Over the days, the company valuation was based on revenue, assets and human capital and performance.

It all changed when someone came up with the concept of “daily active users.”

The drive to get users became the driving force for social media platforms in a way we have never seen before. Now the occupation of user growth opened the door to advertising and marketing scams on a scale that just wasn’t possible before.

Let’s get something clear: any platform that allows people to create thousands of fake profiles so others can buy likes, followers, retweets or shares is toxic to both advertisers and brands.

Now I understand that the word “allow” does a lot of work in that sentence, so let me expand on a little what I mean.

I don’t think I get many arguments when I say that no matter what I think of them, the most successful social media platforms on the planet are also some of the most sophisticated tech companies on the planet. They have – probably – some of the best AI around, as their entire business models revolve around being able to crunch numbers, facts and hide data millions of times a second.

They are also massive companies, with an army of lawyers and IP bulldogs waiting to protect their fire from any hostile external forces.

So explain to me, how is it that even after everything we’ve seen in the news, people can still buy Facebook likes, Twitter followers or Instagram fans?

The reason: it was always a scam. And we got in touch with everyone else.

If your business is valued on your number of users and the activity of those users on your platform, what do you care if they are fake or not? If you did, you would hire an armada of accountants to ensure the integrity of your user base. I don’t think they ever did and never will.

Social platforms use their taxes.

Initially, social platforms such as Facebook and Twitter attracted brands and businesses on their platforms with promises of free marketing and advertising. The ability to quickly grow a fanbase and subsequent base without the need to hire marketing shmucks like me. Why waste time hiring a professional when you can do it all for nothing?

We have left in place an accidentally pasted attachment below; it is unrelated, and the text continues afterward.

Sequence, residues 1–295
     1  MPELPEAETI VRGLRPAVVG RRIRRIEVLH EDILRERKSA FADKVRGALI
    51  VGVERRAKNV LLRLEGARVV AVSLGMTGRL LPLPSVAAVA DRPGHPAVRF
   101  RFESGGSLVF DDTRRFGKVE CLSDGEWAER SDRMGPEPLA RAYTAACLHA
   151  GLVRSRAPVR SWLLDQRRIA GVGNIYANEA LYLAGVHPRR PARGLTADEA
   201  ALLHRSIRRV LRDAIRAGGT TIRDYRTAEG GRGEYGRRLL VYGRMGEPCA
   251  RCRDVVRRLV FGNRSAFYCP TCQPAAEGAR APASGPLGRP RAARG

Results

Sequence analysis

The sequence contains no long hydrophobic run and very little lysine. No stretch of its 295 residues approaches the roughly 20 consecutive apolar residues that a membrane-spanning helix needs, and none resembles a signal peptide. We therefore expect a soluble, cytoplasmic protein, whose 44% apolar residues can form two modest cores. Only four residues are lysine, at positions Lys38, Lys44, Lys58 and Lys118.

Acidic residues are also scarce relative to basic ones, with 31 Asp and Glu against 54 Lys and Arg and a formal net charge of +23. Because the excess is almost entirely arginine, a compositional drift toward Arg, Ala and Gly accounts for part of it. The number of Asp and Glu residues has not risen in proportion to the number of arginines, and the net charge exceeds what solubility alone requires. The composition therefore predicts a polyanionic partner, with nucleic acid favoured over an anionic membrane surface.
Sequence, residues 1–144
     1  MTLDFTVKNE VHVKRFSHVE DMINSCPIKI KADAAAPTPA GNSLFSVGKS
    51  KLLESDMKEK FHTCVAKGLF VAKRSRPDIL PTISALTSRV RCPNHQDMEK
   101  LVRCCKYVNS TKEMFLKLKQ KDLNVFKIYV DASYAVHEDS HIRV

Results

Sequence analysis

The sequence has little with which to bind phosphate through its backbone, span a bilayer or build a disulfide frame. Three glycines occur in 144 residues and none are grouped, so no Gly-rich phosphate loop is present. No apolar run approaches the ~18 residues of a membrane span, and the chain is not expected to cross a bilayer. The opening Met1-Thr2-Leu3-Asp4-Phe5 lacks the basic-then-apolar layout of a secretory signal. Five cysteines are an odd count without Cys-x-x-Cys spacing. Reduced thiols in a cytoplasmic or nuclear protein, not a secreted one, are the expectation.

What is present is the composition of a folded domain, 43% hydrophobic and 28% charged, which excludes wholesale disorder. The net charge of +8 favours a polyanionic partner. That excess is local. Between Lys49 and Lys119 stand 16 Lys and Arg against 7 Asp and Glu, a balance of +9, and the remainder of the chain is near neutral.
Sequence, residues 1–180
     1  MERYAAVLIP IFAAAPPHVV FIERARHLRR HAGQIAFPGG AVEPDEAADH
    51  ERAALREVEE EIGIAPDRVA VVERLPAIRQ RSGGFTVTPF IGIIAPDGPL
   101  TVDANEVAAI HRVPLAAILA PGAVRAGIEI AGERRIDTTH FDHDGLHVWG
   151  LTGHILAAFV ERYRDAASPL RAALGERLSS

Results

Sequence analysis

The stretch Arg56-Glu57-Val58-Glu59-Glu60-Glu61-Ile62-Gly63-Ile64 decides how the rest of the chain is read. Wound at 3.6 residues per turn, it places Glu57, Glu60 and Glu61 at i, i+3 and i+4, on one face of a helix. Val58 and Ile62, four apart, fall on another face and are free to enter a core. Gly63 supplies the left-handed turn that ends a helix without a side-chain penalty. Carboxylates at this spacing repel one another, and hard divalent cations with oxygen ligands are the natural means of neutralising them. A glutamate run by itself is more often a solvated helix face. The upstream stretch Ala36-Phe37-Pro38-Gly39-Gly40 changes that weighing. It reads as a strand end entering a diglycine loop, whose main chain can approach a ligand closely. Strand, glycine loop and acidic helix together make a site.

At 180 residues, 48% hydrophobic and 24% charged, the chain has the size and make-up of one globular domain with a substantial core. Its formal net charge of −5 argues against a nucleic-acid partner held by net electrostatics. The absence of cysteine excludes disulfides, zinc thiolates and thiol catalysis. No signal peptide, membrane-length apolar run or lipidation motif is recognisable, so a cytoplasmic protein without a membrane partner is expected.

At first I was in favor of this. I believed that marketing and advertising were often something that only larger companies could afford and that small business marketing was left behind. Social media marketing enabled even a mom and pop shop to compete online.

So many companies spent countless hours and thousands of dollars in human resources to expand their followers online.

After luring them into their honey trap, companies on social media then held followers and fans hostage. You had to pay to access the user base you built and cultivated.

Suddenly, the numbers make no sense. You had to pay to promote or increase positions when it was previously free. The result was disastrous for many companies. The ROIs didn’t add up, but with so many of their customers on those platforms, they had no choice but to keep trying to get the value they could for them.

The transition to such campaigns also opened Pandora’s box for further abuse. Revenue-driven, apparently, got social platforms to continue to look the other way on fake profiles and social media bots because they drove ad sales. Personal data was harvested and manipulated in ways that users could not understand and did not accept.